A troika had been established between the Departments of Human Settlements (DHS), Cooperative Governance (COGTA), and Water and Sanitation (Water Affairs) in September 2013 to address backlogs in basic services and in particular, sanitation. It had resolved to assist 27 district municipalities to accelerate the eradication of sanitation backlogs and initiate the intervention programme of eradicating bucket toilets. The troika’s mandate had been to ensure all households utilising the bucket toilet system be provided with dry or waterborne sanitation. The change in scope would require a longer implementation period, as well as having additional costs. The unauthorised expenditure was not expected to continue for the bucket eradication programme, because the programme was expected to come to an end in the current financial year.
The ‘War on Leaks’ programme had previously been budgeted for from revenue through the Water Trading Entity (WTE), and it had been the Department’s intention to fund the programme through revenue, and not from the fiscus in the main account. Additional funds were not obtained by the Department, and the only way it could fund the programme was through the WTE. In 2016/2017, R1 billion had been budgeted for and paid by the WTE. A problem had arisen in April 2017, when the bank account of the WTE had been closed by NT due to the overdraft. R737 million would be required for ‘War on Leaks’ in the 2018/2019 financial year, but the Department would not be able to budget for the programme through the main account from the available R165 million. The Department would nonetheless continue looking for alternative means of funding the programme. So far, the Department had paid R1.1 billion in accruals, and the outstanding accruals and payables amounted to R640 million, of which R490 million was for the ‘War on Leaks’ programme.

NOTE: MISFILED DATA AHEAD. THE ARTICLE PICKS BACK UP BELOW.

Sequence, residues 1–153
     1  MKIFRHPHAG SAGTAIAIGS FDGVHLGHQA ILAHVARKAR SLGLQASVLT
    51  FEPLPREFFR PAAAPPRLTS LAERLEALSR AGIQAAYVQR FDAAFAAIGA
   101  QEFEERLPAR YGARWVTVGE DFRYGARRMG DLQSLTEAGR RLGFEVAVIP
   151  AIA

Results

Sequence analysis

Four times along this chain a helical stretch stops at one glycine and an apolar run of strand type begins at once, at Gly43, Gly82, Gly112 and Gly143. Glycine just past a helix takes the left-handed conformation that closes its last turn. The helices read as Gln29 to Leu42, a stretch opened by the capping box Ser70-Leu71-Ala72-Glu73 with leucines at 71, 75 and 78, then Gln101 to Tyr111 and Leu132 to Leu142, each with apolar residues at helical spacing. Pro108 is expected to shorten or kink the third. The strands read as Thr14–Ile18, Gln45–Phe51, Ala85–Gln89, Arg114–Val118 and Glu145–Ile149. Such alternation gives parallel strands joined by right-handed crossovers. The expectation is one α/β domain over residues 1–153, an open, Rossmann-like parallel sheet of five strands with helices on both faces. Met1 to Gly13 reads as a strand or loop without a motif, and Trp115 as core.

Mr Chauke interjected that there was no need to repeat information that had already been presented, even if it had been presented by different people. He suggested that they should move on to the next presentation. He asked for a presentation of the Minister’s turnaround strategy to facilitate the Minister being held accountable for the plan, were it to fail at a later stage.
Mr Basson said that the document presented had not provided a progress report on what had been done in the current financial year, and what would be expected during the next financial year. He advised the Minister not to allow the over R700 million for the ‘War on Leaks’ programme to be taken from the Department’s budget, because the programme had come from the President’s State of the Nation Address (SoNA), so additional funding should be provided for it, and not necessarily from the Department’s current budget.
Ms B Maluleke (ANC) asked what some of the risks and challenges facing the DWS were.
Mr Mnguni wondered how the Department operated, because the presentation had outlined assumptions rather than facts. He questioned whether the DWS did its own feasibility studies and geotechnical investigations, and why it gave implementing agents work to do, yet it did not have money to pay for the work.
The Chairperson complained that the Committee expected more details from the presentation on the budget for the Department to facilitate the Committee’s finalising its report and outlining its recommendations.
The Minister responded that the ‘War on Leaks’ programme was ongoing and currently in the second phase of training young people and transferring skills.
The Department did, in fact, have a debt of R421 million that was required immediately.
The DWS would work with municipalities on operations and maintenance, but would focus more on maintenance while also training the municipalities on infrastructure provision. He had visited Limpopo where councillors had told him to focus on reticulation, because the infrastructure was already in place, and the municipality did not have the capacity to reticulate. Because of the lack of flowing water, people were angry, leading to the destruction of the infrastructure, which would again need to be refurbished. He added that if the municipalities did not have the money for reticulation, he would have to go to NT to provide the Department with that money. The Department needed money to build, operate, train and transfer.
Mr Basson commented that if completion of the Clanwilliam Dam was successful, farmers could be moved into the area, and they would benefit greatly. He thanked the Minister for bringing the construction unit back to the dam.
Ms Maluleke asked how the DWS was planning to make the various municipalities pay their dues and debts to the Department.
The Minister responded that a task team was currently working on that objective, and would provide a report with actionable recommendations.
The meeting was adjourned.